Despite its sliding volumes, folds and asymmetry, the building gives a first impression of an enclosed shape with few openings. The primary school classrooms, superposed on the site, only opens up to any real extent to their gardens at the side. Although on the outside the verticality is dominant as a result of the many indentations that break up the façades, it is paradoxically the horizontal aspect that is more evident once through the entrance. As if an infinite universe was opening up inside a strictly defined area, welcoming a heterotopia reserved for the children. An initiatory place where the pupils can be cut off from the adult world, so that they can adopt the necessary distance and momentum the better to dive into it in due course.
Particular attention seems to have been paid to passages from one space to another, to thresholds: entering the school, taking off your coat and hanging it up before going through the door into the classroom and sitting down in front of the teacher; laughing as you leave the classroom, and shouting out in the playground at playtime. That is how the building works, from the entrance onwards, in a subtle two-fold movement of advance and retreat.
An arrangement that recalls the curves and counter-curves of the façade of the St-Charles-aux-Quatre-Fontaines church completed in 1667 by Francesco Borromini. In a protective gesture, the upper floor projects forwards to welcome the children, while the glazed ground floor withdraws and digs in to defuse the drama of separating the child from its parents. The corridors change shape and expand in front of the classroom doors and receive abundant natural light from the zenith, as if the better to define themselves as areas for decompression before taking a deep breath and plunging into the work areas. Lastly, the canopy of the playground thrusts out well beyond the ramp that leads up to the rooftop sport areas. This play of compression and expansion, giving an organic feel to the concrete structure, is further accentuated by use of the colour orange. It covers the floors and occasionally spills over onto the walls and ceilings, rendering the slightest ray of sunshine incandescent and lighting up the roof area.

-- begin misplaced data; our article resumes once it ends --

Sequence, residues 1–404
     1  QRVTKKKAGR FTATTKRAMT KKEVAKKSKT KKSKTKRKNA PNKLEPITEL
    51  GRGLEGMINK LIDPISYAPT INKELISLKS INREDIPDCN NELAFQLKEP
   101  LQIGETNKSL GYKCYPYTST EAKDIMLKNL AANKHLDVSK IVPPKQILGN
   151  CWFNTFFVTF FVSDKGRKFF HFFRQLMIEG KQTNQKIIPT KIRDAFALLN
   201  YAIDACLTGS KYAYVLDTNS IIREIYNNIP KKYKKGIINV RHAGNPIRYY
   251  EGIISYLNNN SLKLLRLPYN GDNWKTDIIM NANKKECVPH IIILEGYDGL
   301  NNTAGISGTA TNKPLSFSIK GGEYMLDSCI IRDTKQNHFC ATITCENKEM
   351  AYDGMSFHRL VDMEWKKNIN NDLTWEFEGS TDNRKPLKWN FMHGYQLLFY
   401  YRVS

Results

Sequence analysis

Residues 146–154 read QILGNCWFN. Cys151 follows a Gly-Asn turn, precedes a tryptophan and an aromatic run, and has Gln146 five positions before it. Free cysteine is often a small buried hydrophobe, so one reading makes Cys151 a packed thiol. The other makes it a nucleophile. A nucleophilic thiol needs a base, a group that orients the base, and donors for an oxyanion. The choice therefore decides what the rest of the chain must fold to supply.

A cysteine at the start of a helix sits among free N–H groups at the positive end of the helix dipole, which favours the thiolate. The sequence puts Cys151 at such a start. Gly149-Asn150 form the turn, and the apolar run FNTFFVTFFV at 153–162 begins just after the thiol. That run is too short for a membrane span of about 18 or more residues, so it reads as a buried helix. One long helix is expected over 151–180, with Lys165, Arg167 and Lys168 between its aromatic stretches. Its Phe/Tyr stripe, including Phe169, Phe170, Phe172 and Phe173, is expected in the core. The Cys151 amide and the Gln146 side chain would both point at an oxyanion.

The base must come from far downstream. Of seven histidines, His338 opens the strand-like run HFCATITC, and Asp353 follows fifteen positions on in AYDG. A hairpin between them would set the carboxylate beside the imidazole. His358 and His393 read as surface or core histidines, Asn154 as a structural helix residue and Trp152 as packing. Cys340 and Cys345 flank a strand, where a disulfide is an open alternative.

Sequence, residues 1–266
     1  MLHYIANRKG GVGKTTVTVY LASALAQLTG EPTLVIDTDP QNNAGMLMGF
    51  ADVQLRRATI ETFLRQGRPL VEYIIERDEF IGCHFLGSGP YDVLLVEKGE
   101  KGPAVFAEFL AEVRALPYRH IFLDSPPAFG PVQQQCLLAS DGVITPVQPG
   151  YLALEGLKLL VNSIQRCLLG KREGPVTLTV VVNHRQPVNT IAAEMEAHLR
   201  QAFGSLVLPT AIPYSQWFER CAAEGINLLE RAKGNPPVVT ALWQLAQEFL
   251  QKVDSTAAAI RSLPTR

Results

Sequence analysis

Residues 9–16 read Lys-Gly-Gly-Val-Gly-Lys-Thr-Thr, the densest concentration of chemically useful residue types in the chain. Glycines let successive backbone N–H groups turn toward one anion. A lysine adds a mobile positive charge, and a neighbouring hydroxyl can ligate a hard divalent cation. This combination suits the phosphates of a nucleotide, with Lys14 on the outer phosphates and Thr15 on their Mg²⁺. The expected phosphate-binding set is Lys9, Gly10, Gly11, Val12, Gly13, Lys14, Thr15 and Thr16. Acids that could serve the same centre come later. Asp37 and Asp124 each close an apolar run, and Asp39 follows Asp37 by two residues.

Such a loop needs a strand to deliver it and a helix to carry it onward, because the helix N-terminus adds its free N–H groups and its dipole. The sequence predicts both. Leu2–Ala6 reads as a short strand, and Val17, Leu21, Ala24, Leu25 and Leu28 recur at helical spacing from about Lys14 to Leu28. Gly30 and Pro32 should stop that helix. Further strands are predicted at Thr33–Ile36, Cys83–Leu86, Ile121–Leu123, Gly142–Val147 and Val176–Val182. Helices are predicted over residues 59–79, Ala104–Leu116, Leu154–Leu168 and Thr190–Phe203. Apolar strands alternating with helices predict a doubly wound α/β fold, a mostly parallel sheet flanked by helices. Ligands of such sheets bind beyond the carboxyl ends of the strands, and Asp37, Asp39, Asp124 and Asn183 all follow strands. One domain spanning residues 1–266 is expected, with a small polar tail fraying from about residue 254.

This has the appearance of an open hand beneath the complementary blue of the sky, revealed in all its power. All too frequently, as in Jules Ferry’s time, schools seem to be designed as areas for adults reduced to the scale of children. The sequences of traffic paths and classrooms are witness here to a different relationship between the child’s body and space, one that is all the more fused together in that is it not yet totally mediatised by language. The classrooms, corridors and playgrounds of the ‘Josephine Baker’ schools stretch out and break up around an indefinite body, a body in perpetual transformation, a body of feelings ready to be touched by the slightest ray of sunshine and to perceive a thousand opportunities for play in the slightest variation in the weather.
The use of natural products – such as linoleum on the floors, and wood for the door and window frames – and the attention paid even to the smallest details contribute to making the building an almost luxurious place, a place hailed enthusiastically at its inauguration by a population of parents and pupils who are keen to turn the page of the demolitions and look resolutely to the future.